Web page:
Market and Model

Choosing the 1.8 V-Matic petrol unit is the least expensive way into Avensis ownership. Prices start at around £18,000 for the entry-level 'Active'-spec saloon variant, with a premium of around £1,200 if you want the 'Touring Sports' estate version. Another premium of around £1,200 gets you the MDS automatic gearbox with its steering wheel change paddles. Further up the range, there are 'Business Edition' and 'Business Edition Plus' options. Even entry-level versions are pretty well equipped, with a smart black and grey interior colour scheme, manual air conditioning, cruise control with speed limiter, LED daytime running lights, a stereo with Bluetooth and USB and the peace of mind afforded by Toyota Safety Sense system. Step up a grade and there's some rather pleasant Alcantara upholstery and a Dual Ambient colour scheme giving a choice of Terracotta or Light Grey interior finishes. Equipment includes automatic air conditioning, a 4.2-inch colour TFT multi-information screen, Automatic High Beam and dusk-sensing headlamps, rain-sensing wipers, 17-inch alloy wheels, fog lamps, combination fabric and Alcantara seat upholstery, an enhanced version of the Toyota Safety Sense system and the Toyota Touch 2 multimedia system, incorporating a rear-view camera.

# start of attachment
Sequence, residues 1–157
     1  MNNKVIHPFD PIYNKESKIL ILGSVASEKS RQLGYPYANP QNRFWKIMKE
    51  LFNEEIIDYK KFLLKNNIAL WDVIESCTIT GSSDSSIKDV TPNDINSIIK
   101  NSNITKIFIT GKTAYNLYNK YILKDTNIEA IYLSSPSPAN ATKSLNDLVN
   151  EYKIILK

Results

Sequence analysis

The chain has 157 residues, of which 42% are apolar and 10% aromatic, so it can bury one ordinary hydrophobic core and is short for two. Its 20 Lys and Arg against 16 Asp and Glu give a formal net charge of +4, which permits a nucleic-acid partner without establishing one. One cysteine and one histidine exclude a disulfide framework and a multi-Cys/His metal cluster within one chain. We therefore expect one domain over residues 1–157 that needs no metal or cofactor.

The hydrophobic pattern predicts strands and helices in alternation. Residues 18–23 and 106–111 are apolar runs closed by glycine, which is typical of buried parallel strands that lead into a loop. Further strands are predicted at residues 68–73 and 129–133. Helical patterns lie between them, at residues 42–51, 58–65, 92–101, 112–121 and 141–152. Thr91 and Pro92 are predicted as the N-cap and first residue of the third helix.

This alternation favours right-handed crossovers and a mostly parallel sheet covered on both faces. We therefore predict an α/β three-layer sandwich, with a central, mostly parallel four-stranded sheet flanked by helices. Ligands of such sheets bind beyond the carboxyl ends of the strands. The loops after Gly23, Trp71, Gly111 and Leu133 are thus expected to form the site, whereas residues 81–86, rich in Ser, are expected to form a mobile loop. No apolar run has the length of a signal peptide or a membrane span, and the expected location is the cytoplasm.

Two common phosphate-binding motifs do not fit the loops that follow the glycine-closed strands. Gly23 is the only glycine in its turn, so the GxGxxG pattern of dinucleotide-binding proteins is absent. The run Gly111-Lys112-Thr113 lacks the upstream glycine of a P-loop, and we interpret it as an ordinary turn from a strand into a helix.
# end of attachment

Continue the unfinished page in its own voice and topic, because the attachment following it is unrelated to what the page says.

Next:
Cost of Ownership